Set against the harsh backdrop of a Russian orphanage Andrei Kravchuk’s sophomore feature The Italian traces the harrowing and moving story of a young boy whose life trajectory makes a sudden shift when an Italian family decide they want to adopt him.
The film opens with an Italian couple travelling through harsh Russian winter conditions to visit a remote orphanage and meet with their prospective new child. Upon arrival we see, along with them, an impoverished facility that exudes both the grim desperation and creative resourcefulness of the human instinct for survival. The “director” of the orphanage seems barely less dejected than his young charges and doesn’t really seem to be running the place. As the camera follows parts of the children’s daily routine, we are quickly made aware that these orphans organise their own lives – the older ones both exploiting and looking after the younger as they all struggle to stay fed and warm. Many of the children take on odd jobs – making money doing what they can – with one of the older girls engaging in prostitution as her means of survival.
So when this Italian family arrives and decides that Vanya is the son for them (note: Vanya is the Russian familiar term for Ivan) everyone is at once happy for him and at the same time envious that he has been given the chance to escape. They even coin him “the Italian” (hence the film’s title) to signify his change of fortune. Initially he seems to be going along with this scheme but when the mother of another boy – who has already been adopted out – arrives, seeking her long-gone son, Vanya gets to thinking about his own mother and where he might be from. Defying everybody’s expectations for him, as well as their world weary cynicism, he launches a personal crusade in search of his own mother – whoever and wherever she might be.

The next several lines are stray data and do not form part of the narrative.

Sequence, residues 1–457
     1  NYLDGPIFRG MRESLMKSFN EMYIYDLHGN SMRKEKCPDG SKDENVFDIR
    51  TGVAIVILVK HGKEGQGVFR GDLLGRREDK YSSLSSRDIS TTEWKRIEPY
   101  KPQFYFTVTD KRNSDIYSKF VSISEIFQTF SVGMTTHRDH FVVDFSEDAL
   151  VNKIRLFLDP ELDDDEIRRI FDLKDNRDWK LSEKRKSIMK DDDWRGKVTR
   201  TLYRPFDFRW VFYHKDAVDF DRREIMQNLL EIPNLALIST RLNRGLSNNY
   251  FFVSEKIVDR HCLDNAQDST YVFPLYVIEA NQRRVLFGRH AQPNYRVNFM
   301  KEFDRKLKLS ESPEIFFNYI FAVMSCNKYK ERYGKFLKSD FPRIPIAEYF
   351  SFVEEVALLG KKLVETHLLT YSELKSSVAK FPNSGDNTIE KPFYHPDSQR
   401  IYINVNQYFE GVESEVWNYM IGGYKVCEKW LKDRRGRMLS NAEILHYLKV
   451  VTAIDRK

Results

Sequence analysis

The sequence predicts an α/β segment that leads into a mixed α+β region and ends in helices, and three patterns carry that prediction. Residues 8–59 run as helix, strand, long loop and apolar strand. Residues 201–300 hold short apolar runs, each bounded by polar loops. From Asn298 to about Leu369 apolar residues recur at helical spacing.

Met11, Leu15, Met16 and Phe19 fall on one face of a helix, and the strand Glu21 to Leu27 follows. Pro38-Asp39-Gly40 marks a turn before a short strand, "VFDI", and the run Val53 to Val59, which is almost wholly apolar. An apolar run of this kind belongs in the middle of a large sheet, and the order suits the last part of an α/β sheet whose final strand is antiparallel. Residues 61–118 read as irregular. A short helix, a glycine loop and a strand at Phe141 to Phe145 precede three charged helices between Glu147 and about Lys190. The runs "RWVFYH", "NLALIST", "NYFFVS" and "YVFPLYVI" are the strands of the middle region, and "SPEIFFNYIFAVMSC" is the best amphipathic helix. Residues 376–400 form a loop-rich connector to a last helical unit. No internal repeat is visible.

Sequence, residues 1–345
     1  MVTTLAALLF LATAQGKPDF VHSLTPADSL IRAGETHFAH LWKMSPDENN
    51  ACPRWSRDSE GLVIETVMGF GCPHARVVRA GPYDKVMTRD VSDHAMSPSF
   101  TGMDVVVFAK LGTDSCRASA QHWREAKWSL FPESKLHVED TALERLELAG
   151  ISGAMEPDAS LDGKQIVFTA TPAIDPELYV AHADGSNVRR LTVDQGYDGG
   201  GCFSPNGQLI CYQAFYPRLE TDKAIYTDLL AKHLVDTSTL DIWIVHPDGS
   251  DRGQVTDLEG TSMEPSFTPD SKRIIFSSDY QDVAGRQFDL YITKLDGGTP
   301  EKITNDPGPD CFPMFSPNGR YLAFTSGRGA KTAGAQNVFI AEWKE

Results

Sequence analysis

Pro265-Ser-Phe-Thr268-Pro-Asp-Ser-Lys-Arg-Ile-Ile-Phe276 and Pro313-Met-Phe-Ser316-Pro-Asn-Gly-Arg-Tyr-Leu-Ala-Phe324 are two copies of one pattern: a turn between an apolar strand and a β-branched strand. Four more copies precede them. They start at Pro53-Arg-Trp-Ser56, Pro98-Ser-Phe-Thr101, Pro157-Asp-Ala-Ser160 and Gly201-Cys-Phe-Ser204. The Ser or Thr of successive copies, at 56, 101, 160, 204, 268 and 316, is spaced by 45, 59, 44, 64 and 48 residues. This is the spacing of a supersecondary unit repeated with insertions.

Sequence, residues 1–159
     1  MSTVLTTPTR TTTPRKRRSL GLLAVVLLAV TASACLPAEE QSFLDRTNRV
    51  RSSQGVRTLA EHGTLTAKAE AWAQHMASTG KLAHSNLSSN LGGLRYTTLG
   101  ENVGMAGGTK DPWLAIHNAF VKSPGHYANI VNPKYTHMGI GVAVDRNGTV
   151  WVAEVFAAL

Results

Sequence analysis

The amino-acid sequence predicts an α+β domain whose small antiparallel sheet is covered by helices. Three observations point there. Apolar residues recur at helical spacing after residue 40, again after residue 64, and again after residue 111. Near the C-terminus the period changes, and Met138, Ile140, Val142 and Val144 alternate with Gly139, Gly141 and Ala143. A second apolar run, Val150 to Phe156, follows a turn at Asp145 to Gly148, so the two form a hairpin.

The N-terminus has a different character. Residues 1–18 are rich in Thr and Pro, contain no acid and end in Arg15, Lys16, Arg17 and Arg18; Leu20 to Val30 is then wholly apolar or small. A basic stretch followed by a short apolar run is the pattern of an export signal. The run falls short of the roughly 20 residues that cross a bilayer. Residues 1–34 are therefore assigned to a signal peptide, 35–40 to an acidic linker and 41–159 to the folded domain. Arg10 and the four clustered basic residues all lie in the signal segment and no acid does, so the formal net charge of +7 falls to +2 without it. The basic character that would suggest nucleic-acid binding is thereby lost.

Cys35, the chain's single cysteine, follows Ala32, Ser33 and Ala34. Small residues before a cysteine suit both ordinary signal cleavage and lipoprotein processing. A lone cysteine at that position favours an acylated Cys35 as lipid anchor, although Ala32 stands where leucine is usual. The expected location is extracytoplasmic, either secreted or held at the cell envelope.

Based on a true story, The Italian illustrates the harsh realities of impoverished life in a place like Russia. It also highlights the stubborn determination of the human spirit and the odds that we are able to overcome. The journey does not go smoothly for Vanya, he is hunted down by the adoption agent – who turns out to be somewhat more mercenary than we might first have thought – attacked by other homeless kids and left to fend for himself on the cold streets of a city that he doesn’t know. Still, amidst a sea of callous unconcern, he also discovers pockets of kindness and unexpected assistance.
Beautifully shot, and played? This film is both. But its real strength is in the emotional weight it conveys. The performances of the predominantly young cast all ring true and you can’t help but be pulled into this boy’s story as he grimly fights his way along a path which seems unlikely to yield much of a reward even if he achieves his goal. In this setting everyone is so resigned to their fate they cannot understand why anyone would choose not to take a guaranteed way out (with the Italian family), even if it means foregoing the chance to reconnect with your real family. As far as the others are concerned – orphans and adults alike – this boy’s family has already deserted him and left him to the mercies of the world. But Vanya stubbornly clings to his hope which acts as his anchor, and ultimately, Vanya’s sense of hope buoys the audience.
The Italian takes subject matter, that is no stranger to Hollywood films, and moulds it into a truly emotionally engaging piece of cinema whilst avoiding the usual melodrama and temptation to trade on the cute factor of child actors. This is a gritty and gripping film that will appeal to serious movie fans and lovers of good stories alike.
DVD Info + Special Features
This is a vanilla release with only the feature and trailers. Still, the picture and sound quality are both up to scratch and the quality of the feature more than justifies owning this disc.
» Region 4 PAL
» Anamorphic Widescreen 16:9
» Language: Russian (Dolby Digital 2.0)
» Subtitles: English
» Original theatrical trailer
» Other Madman trailers
Reviewed by: Jacob Powell
Rating: M – Contains medium level violence
Duration: 95 mins
Director: Andrei Kravchuk (2006)
Actors: Kolya Spiridonov, Maria Kuznetsova, Nikolai Reutov, Yuriy Itskov, Denis Moiseenko, Andrei Yelizarov, & Polina Vorobyova.
Release Date: Available Now